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Housing Aid For Disasters - Part 2

Mortgage Relief
Adding disaster recovery costs to an existing mortgage can put a homeowner in an impossible situation. In extreme cases, a homeowner can face paying a full mortgage on a property that has been destroyed. In a declared disaster some relief is available: The U.S. Department of Housing (HUD) and the mortgage industry are committed to helping people whose lives have been negatively impacted by a catastrophe. The same goes for your lender, who may stop (or at least delay) your mortgage payments.

If your mortgage is a conventional one, you need to contact your lender immediately and find out whether or not you're eligible for relief and what documents or evidence you'll need to present to get it.

If your mortgage is insured by the Federal Housing Administration (FHA), you've got a few more options at your disposal. Let's look into what you can do.

How Can The FHA Help?
The FHA expects its lenders to use good judgment in determining whether you were negatively impacted and are thus an "affected borrower." FHA lenders need to evaluate every delinquent loan separately. That's why you need to get in touch with your lender and inform them of your situation. Here are a few actions your FHA lender can potentially take:

If you were affected, your lender could decide not to refer your loan to foreclosure during the legally authorized period of delay (also called a foreclosure moratorium).

You may be evaluated for available assistance to mitigate your losses and help you keep your home.

To help you keep and continue to pay for your home, your lender has the power to modify your loan, execute a partial claim, or put a forbearance plan into effect.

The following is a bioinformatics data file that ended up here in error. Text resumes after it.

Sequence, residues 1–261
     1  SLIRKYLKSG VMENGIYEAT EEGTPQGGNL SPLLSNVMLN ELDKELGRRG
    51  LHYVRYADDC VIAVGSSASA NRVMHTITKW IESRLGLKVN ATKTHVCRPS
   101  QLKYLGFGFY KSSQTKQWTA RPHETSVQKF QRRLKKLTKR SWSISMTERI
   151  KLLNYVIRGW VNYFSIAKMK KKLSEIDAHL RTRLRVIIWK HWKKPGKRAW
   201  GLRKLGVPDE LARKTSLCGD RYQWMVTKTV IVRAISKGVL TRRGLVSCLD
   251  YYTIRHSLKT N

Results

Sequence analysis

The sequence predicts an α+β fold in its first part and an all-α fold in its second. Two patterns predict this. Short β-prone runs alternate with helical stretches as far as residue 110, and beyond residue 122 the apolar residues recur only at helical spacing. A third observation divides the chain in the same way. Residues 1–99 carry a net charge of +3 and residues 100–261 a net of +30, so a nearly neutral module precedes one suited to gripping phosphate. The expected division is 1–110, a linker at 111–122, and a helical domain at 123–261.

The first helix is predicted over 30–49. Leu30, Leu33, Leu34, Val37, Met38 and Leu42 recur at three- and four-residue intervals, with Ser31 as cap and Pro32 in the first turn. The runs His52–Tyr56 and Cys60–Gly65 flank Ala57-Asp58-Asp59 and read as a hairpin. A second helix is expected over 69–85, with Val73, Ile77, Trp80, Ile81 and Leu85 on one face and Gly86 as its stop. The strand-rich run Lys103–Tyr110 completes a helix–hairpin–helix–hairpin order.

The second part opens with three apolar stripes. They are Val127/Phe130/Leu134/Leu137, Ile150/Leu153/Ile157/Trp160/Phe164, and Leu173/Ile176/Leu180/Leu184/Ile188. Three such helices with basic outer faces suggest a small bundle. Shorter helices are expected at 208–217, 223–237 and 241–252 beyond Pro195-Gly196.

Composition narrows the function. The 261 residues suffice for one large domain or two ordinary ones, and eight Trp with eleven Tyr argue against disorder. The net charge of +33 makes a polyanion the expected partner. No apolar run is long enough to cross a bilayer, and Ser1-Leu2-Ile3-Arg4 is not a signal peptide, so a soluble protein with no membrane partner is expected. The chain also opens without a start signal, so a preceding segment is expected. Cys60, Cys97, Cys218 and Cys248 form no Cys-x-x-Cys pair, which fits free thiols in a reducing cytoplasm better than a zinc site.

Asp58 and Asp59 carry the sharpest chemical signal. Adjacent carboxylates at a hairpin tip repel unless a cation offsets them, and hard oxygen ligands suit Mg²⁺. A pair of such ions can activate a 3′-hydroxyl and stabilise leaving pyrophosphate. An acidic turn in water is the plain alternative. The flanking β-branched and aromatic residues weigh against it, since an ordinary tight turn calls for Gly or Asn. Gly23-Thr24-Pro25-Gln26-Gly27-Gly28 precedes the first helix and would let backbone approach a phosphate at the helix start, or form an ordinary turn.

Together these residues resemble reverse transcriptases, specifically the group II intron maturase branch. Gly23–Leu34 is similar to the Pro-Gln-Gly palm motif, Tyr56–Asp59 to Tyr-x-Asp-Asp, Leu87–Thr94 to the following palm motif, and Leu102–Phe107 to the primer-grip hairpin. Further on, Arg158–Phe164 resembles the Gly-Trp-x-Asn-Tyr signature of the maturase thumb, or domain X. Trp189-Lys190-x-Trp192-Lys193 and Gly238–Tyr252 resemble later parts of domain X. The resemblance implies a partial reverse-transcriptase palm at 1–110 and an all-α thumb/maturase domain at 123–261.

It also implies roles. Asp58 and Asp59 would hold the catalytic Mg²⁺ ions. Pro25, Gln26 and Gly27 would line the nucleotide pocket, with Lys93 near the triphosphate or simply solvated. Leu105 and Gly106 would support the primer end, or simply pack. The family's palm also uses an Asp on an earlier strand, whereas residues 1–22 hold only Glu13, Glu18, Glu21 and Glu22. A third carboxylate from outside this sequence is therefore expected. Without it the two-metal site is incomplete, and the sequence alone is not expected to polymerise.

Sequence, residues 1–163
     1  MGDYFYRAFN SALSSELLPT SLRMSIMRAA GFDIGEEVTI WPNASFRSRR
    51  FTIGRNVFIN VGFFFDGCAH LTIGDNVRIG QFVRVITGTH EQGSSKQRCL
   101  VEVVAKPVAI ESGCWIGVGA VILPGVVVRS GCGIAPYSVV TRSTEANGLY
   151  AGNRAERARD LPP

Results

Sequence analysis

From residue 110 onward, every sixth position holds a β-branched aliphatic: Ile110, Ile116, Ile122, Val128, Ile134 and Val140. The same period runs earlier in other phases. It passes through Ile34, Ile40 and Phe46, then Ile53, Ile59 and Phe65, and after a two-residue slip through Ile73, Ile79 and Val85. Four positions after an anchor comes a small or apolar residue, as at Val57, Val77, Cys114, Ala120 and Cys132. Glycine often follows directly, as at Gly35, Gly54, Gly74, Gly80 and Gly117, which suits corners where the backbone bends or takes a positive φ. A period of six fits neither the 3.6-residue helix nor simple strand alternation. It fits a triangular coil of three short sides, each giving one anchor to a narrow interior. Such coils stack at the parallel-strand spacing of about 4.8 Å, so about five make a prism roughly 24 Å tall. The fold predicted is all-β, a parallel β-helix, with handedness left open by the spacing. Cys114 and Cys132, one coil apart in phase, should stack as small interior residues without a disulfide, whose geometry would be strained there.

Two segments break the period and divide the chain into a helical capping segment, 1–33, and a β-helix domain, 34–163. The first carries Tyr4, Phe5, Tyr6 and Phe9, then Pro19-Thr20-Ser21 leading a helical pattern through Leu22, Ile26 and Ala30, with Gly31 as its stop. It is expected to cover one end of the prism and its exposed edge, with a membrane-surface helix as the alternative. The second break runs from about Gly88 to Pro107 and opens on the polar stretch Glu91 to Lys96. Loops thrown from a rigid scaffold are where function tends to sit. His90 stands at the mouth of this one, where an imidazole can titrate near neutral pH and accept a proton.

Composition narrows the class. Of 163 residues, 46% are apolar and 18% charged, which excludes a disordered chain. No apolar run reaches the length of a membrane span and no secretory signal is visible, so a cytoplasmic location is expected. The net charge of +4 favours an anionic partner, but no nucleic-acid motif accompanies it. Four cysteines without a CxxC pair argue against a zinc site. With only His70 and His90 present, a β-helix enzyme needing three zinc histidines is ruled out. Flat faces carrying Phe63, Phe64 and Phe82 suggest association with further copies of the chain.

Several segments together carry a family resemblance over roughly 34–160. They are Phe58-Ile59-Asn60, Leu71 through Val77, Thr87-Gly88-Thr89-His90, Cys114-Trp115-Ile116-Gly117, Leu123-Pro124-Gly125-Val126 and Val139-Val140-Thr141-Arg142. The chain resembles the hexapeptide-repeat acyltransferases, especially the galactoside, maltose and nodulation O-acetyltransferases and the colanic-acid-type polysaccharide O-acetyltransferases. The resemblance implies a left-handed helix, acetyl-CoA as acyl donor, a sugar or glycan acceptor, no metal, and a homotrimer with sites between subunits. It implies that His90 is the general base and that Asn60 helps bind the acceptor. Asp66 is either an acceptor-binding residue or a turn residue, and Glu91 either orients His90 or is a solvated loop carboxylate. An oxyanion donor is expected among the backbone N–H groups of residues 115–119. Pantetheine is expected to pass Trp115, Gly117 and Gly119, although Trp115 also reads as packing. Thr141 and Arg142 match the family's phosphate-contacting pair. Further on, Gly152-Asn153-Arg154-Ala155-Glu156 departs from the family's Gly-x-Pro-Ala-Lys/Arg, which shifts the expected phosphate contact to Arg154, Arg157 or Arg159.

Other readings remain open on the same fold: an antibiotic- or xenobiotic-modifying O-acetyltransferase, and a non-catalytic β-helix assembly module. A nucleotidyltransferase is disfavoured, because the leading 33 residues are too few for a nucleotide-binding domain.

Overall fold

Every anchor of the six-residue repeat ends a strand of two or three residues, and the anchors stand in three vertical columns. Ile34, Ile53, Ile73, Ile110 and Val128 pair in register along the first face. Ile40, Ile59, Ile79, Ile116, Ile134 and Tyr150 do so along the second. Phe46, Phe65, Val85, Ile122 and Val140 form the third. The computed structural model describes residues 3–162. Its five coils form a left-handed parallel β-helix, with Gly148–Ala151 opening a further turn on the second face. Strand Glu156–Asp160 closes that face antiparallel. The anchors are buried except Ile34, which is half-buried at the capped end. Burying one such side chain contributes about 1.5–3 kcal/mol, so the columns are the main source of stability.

A foreclosure moratorium on an FHA-insured loan is automatic in some circumstances:

You automatically have a ninety-day Foreclosure Moratorium if you live within the declared disaster area's geographic boundaries.

You qualify for Moratorium if a person from within your household is missing, injured, or deceased as a direct result of the event.

You would qualify for Moratorium if your financial ability to continue paying your mortgage were directly affected by a catastrophe.

If a family is delinquent on their home loan, but within the geographic boundaries of the Presidentially-declared disaster area, the FHA lenders will automatically stop all foreclosure actions against them. It's important to notify your lender and ensure that they know you're an affected borrower. Don't be surprised if your lender requests supporting documentation to determine whether you meet the predetermined relief criteria. Once they have verified you as an affected borrower, they will halt foreclosure proceedings for the moratorium period, whatever the legally-determined duration may be.

Only borrowers who are behind on their FHA loans are eligible for a Foreclosure Moratorium. If you are not delinquent on your mortgage and can continue your loan payments, then that's what you should do.

If your home was damaged, or the event caused financial difficulties that have compromised your ability to meet payments in the future, contact your lender immediately and request assistance. You can call (800) 569-4287 toll-free to get in touch with a HUD-approved counseling agency, or go online and contact the HUD's National Servicing Center.

Final Word
Disasters are unpredictable and uncontrollable, and they can destroy lives and properties in minutes. These make them a homeowner's worst nightmares. The best protection you can have is planning and adequate insurance. If you don't have that, the government can help but don't expect that they will restore your previous life. What they can give is limited, and there will still be a lot for you to do.

Remember: even in the bleakest moments, there is still hope. If you act intelligently (and decisively) you can make the best of this unfortunate situation, survive and even thrive!

Resource Links:

FEMA Individuals and Households Program
SBA Disaster Loans
HUD National Servicing Center
FHA Disaster Information